approaches every moment, and which will be for ever fixed and permanent. This single consideration would be sufficient to extinguish the bitterness of hatred, the thirst of avarice, and the cruelty of ambition.
I am very much pleased with the passage of Antiphanes, a very ancient poet, who lived near an hundred years before Socrates, which represents the life of man under this view, as I have here translated it word for word. “Be not grieved,' says he, above measure, for thy deceased friends. They are not dead, but have only finished that journey which it is necessary for every one of us to take: we ourselves must go to that great place of reception in which they are all of them assembled, and in this general rendezvous of mankind, live together in another state of being.'
I think I have, in a former paper, taken notice of those beautiful metaphors in scripture, where life is termed a pilgrimage, and those who pass through it are called strangers and sojourners upon earth. I shall conclude this with a story, which I have somewhere read in the travels of Sir John Chardin; that gentleman, after having told us, that the inns which receive the caravans in Persia, and the eastern countries, are called by the name of caravansaries, gives us a relation to the following purpose.
A dervise, travelling through Tartary, being arrived at the town of Balk, went into the king's palace by a mistake, as thinking it to be a public inn or caravansary. Having looked about him for some time he entered into a long gallery, where he laid down his wallet, and spread his carpet, in order to repose himself upon it after the manner of the eastern nations. He had not been long in this posture before he was discovered by some of the guards, who asked him what was his business in that place? The dervise told them he intended to take up his night's lodging in that caravansary. The guards let him know, in a very angry manner, that the house he was in, was not a caravansary, but the king's palace. It happened that the king himself passed through the gallery during this debate, and smiling at the mistake of the dervise, asked him how he could possibly be so dull as not to distinguish a palace from a caravansary ? 'Sir, (says the dervise,) give me leave to ask your majesty a question or two. the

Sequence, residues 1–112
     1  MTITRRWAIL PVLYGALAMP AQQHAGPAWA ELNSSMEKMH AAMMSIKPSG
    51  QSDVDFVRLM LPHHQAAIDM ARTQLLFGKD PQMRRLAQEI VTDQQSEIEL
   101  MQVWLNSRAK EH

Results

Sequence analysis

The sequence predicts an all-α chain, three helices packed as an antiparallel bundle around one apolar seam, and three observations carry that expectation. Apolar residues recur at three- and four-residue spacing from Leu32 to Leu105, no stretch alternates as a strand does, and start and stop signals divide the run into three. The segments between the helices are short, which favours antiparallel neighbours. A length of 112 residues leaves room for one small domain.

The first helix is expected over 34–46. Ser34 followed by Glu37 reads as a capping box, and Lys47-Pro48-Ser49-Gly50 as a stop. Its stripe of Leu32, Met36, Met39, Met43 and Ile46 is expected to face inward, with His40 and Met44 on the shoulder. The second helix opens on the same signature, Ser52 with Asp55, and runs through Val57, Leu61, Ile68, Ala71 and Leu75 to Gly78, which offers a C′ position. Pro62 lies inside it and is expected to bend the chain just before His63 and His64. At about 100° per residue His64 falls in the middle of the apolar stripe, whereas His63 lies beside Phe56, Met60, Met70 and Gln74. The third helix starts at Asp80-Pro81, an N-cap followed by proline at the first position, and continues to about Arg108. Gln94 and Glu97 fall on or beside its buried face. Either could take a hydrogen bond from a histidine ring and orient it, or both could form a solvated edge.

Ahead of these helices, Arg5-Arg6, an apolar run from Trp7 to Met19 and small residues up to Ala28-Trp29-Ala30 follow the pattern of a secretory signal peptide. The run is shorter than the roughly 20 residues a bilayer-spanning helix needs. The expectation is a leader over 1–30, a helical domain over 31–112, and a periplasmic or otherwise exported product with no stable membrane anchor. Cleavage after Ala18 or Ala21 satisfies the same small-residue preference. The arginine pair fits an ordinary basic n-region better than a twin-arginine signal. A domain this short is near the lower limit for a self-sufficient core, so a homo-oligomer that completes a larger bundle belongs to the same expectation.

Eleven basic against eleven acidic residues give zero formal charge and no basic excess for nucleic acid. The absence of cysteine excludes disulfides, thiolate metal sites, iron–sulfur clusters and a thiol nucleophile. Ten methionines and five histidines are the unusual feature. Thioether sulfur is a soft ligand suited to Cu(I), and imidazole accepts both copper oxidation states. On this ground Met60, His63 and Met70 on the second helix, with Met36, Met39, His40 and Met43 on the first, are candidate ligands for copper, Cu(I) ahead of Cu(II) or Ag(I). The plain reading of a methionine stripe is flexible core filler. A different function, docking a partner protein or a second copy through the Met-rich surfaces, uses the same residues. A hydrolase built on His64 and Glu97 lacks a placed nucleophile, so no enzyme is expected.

persons that lodged in this house when it was first built ?' The king replied, his ancestors. "And who, (says the dervise) was the last person that lodged here ?' The king replied, his father. And who is it, (says the dervise) that lodges here at present ?' The king told him, that it was he himself. And who (says the dervise) will be here after you?' The king answered, the young prince, his son. Ah sir, (said the dervise,) a house that changes its inhabitants so often, and receives such a perpetual succession of guests, is not a palace but a caravansary.'
Who were No. 293. TUESDAY, FEBRUARY 5.
Πασιν γαρ ευφρονούσι συμμαχεί τύχη. .
FRAG. VET. POET.
The famous Gratian,' in his little book wherein he lays down maxims for a man's advancing himself at court, advises his reader to associate himself with the fortunate, and to shun the company of the unfortunate; which notwithstanding the baseness of the precept to an honest mind, may have something useful in it for those who push their interest in the world. It is certain a great part of what we call good or ill fortune, rises out of right or wrong measures and schemes of life. When I hear a man complain of his being unfortunate in all his undertakings, I shrewdly suspect him for a very weak man in his affairs. In conformity with this way of thinking, Cardinal Richlieu used to say, that unfortunate and imprudent were but two words for the same thing. As the cardinal himself had a great share both of prudence and good-fortune, his famous antagonist, the Count d'Olivarez, was disgraced at the court of Madrid, because it was
1 Balthazar Gratian, a Jesuit, who died 1658, about the year 1637, began to publish six or seven little books in that branch of science which Lord Bacon styles the Doctrine of Business, under the titles of El Heroe, Agudeza, El Politico, Fernando, El Discreto, El Criticon, and El Oraculo Manual y arte de Prudencia. They contain many curious observations, wise maxims, and useful precepts; ut having often disjoined the wisdom of the serpent from the innocence of the dove,' and recommended, as in the instance here mentioned, dishonorable principles and immoral artifices for rising in life, he is really what the Italians call 'a sower of thorns,' and just such a moralist as his countryman Don Quixote was a hero. The Sieur Amelot de la Houssaie, in 1707, published a French translation of Gratian's El Oraculo Manual, &c., with comments and extracts from his El Heroe, and El Discreto, under the title of L'Homme de Cour, which is the little book here quoted. See Spect., Nos. 379 and 409, and Guardian, No. 24.-C.